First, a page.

• Underfur light (white)
  • Throat has a distinctive white or cream patch that often extends down the front legs
  • Tail is a bit longer compared to Pine Marten

Observado.org
IUCN species information

Pine Marten – Martes martes

  • Body and head brown, more uniform colour
  • Ears large and angular, clearly prominent, more on top of the head, light (yellowish) edge
  • Head more round and relatively small
  • Nose top darker and brown
  • Foot soles with hair
  • Underfur darker (grey)
  • Tail looks ‘bushier’
  • Definitely in the dark in the headlights of the car, this underfur ‘shining through’ is a quite good way to distinguish.

Observado.org
IUCN species information

Check out the pine marten camera trap footage in this posts about Urban Wildlife in Belgium, in the second story (Camera trapping in Oelegem) there is a stone marten as well.

European Mink vs. American Mink

  • Darker than Polecat species
  • Only white around mouth/nose
  • Length without tail between 35 and 45 cm
  • Brown, dark brown, to black
  • Part of population white spots on throat and chest

European Mink – Mustela lutreola

Very limited distribution (relict populations in southern France – northern Spain, Russia and northern Baltic states (Belarus, Estonia, Latvia), and Romania (Danube delta).

  • White around snout, on both upper and lower lip (chin)

IUCN species information

American Mink – Neovison vison

  • Only white on lower lip (chin)

More related to the American weasels than to European Mink.
Classified in its own genus with the now-extinct Sea Mink.

Observado.org
IUCN species information

Otter – Lutra lutra

They can travel several kilometres overland from one body of water to another. They are excellent swimmers and can stay submerged for as long as five minutes. Otters find most of their food in water, but they sometimes also eat small mammals and birds. They are adapted to the life in and around the water. Their eyes have modified to be able to see underwater, and they blow out air and suck it in again to be able to smell underwater.

Otters are larger than mink, with a longer head and a thick tail. They are uniform (light) brown with greyish throat. They have a similar size as a beaver, but beavers are rodents (so don’t eat fish) and they have a flat tail, whereas the tail of an otter is round.

Observado.org
IUCN species information

Eurasian Badger – Meles meles

Eurasian badgers are very characteristic and difficult to confuse with other species of the mustelid family. They could be potentially mixed up with a Raccoon or a Raccoon dog in areas of overlap. Eurasian Badgers have distinct colour markings such as greyish dorsal fur, and prominent black and white head stripes. Their body is silvery-grey with black legs.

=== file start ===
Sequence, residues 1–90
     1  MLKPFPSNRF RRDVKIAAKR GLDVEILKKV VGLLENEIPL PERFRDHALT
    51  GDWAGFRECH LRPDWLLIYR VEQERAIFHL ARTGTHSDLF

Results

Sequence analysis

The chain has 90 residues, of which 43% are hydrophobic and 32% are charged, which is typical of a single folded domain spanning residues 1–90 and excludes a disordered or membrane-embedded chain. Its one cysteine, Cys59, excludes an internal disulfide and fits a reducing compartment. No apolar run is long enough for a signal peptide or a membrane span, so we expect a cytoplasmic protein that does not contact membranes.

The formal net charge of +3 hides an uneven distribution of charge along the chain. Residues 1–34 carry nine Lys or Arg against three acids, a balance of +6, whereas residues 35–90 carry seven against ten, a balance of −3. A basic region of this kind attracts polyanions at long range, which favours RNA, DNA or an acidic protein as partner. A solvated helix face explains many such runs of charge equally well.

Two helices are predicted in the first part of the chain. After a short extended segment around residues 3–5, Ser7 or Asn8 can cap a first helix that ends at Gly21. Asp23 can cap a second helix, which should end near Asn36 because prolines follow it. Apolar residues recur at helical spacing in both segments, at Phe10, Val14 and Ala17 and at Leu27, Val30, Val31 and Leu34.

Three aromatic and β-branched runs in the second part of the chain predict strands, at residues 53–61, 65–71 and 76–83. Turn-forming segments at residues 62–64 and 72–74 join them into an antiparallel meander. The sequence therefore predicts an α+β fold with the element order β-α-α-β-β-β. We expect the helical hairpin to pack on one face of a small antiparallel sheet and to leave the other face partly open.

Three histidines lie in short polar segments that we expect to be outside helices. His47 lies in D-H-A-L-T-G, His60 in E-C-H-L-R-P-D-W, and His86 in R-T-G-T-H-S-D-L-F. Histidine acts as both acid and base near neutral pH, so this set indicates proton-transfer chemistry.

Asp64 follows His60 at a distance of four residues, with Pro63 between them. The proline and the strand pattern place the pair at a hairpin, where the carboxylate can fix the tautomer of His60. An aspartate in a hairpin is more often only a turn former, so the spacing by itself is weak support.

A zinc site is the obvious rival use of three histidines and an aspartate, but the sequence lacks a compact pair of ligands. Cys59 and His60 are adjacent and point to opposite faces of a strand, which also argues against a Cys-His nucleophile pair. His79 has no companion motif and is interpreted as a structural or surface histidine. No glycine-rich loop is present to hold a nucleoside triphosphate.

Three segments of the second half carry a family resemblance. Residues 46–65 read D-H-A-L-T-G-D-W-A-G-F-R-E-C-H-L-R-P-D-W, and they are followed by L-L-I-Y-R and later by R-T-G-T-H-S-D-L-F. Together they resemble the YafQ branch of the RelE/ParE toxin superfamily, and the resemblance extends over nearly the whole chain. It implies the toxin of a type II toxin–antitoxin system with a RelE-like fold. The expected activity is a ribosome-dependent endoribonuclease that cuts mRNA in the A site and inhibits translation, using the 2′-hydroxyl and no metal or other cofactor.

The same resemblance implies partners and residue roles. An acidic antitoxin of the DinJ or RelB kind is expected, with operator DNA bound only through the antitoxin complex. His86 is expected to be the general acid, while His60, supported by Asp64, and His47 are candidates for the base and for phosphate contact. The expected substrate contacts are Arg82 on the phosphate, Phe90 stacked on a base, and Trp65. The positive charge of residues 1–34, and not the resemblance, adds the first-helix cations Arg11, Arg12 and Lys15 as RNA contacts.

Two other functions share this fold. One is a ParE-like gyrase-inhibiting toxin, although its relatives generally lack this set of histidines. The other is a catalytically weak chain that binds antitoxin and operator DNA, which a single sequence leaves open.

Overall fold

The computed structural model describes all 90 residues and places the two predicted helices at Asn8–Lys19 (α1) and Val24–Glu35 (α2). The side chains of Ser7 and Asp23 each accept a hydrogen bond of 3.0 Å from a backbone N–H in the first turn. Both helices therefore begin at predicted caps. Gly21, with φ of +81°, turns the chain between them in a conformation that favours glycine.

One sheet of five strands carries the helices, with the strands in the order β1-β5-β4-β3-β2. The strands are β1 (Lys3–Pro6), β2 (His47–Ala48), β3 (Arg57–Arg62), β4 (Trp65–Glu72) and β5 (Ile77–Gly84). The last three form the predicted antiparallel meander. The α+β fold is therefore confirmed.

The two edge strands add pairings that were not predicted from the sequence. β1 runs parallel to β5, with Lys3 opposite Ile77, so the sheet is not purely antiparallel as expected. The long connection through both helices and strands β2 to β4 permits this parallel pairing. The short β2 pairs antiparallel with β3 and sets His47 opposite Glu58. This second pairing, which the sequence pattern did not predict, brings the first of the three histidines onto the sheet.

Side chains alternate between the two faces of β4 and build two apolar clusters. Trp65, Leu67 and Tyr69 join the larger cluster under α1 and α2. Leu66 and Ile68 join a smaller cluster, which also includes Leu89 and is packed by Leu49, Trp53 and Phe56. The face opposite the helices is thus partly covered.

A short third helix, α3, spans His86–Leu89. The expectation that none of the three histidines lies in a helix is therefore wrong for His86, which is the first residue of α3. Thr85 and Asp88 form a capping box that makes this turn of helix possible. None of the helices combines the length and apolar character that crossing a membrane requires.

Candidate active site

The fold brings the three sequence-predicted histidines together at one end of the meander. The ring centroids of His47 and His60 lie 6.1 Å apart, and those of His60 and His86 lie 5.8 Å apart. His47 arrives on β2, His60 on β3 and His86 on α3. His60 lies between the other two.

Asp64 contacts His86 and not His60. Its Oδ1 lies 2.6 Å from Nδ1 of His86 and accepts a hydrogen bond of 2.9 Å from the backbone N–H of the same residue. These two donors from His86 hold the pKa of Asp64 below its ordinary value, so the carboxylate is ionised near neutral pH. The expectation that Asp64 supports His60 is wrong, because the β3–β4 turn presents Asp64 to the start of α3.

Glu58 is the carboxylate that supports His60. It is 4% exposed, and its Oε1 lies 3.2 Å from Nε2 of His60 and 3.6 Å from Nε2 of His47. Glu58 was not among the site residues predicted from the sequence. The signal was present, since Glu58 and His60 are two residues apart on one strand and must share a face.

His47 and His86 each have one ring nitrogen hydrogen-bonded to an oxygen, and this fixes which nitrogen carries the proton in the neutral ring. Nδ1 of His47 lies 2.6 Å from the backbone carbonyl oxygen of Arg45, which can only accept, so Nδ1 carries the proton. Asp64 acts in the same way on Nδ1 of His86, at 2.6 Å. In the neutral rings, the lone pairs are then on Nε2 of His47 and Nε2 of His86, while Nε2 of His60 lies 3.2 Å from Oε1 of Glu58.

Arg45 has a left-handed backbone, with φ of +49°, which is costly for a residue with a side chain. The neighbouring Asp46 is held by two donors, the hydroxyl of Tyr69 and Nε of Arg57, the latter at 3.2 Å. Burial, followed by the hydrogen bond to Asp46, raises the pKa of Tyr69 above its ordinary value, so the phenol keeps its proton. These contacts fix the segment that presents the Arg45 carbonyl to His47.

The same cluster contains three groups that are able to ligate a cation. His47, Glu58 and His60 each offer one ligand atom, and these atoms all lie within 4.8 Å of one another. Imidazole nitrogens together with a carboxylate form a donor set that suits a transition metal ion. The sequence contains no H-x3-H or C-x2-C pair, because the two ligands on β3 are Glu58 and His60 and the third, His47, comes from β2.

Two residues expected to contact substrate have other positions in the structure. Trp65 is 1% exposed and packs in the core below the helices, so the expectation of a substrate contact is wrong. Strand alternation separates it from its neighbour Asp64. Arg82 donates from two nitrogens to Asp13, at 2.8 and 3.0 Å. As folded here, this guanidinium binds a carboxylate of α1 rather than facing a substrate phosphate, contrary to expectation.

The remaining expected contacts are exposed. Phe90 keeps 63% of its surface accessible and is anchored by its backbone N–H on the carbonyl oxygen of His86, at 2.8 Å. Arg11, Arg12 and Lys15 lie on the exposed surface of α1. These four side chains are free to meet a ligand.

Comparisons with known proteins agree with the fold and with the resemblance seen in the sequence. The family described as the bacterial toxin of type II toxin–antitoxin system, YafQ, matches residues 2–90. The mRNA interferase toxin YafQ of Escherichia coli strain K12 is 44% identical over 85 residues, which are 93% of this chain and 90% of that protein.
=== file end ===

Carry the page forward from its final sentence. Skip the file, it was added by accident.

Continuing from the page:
Unlike most mustelids, Badgers walk with their feet flat on the ground. (more like bears, their tracks also look like small bear prints). They have small eyes and ears. This is an adaptation as they spend quite some time underground. Eurasian Badgers are living in an elaborated burrow system, so called setts. If not disturbed, they use the same sett year after year. Their favourite food is earthworms, but they forage for anything eatable.

Observado.org
IUCN species information

Wolverine – Gulo gulo

  • Bear like head
  • Bushy tail
  • Short and powerful limbs
  • Body typically dark brown with some rusty-brown to blond part from shoulder to the base of the tail
  • Forehead a little bit more greyish with a bit of a mask
  • Chest usually with creamy-white markings, sometimes extending to the front legs (can be used for ID-in individuals)
  • Wolverine can move up to 30 km a day.

Observado.org
IUCN species information

If you want to know more about mustelids (weasels, polecats, martens, otters, badgers, etc.), check out the other blog about Mustelids in Europe. Or get some recommended books for more detailed information.

Learn more about Mustelids. This book gives more insights in evolution, diseasis, social communication, and management. Biology and Conservation of Musteloids is part a very good series, with previous topics on Wild Felids and Wild Canids.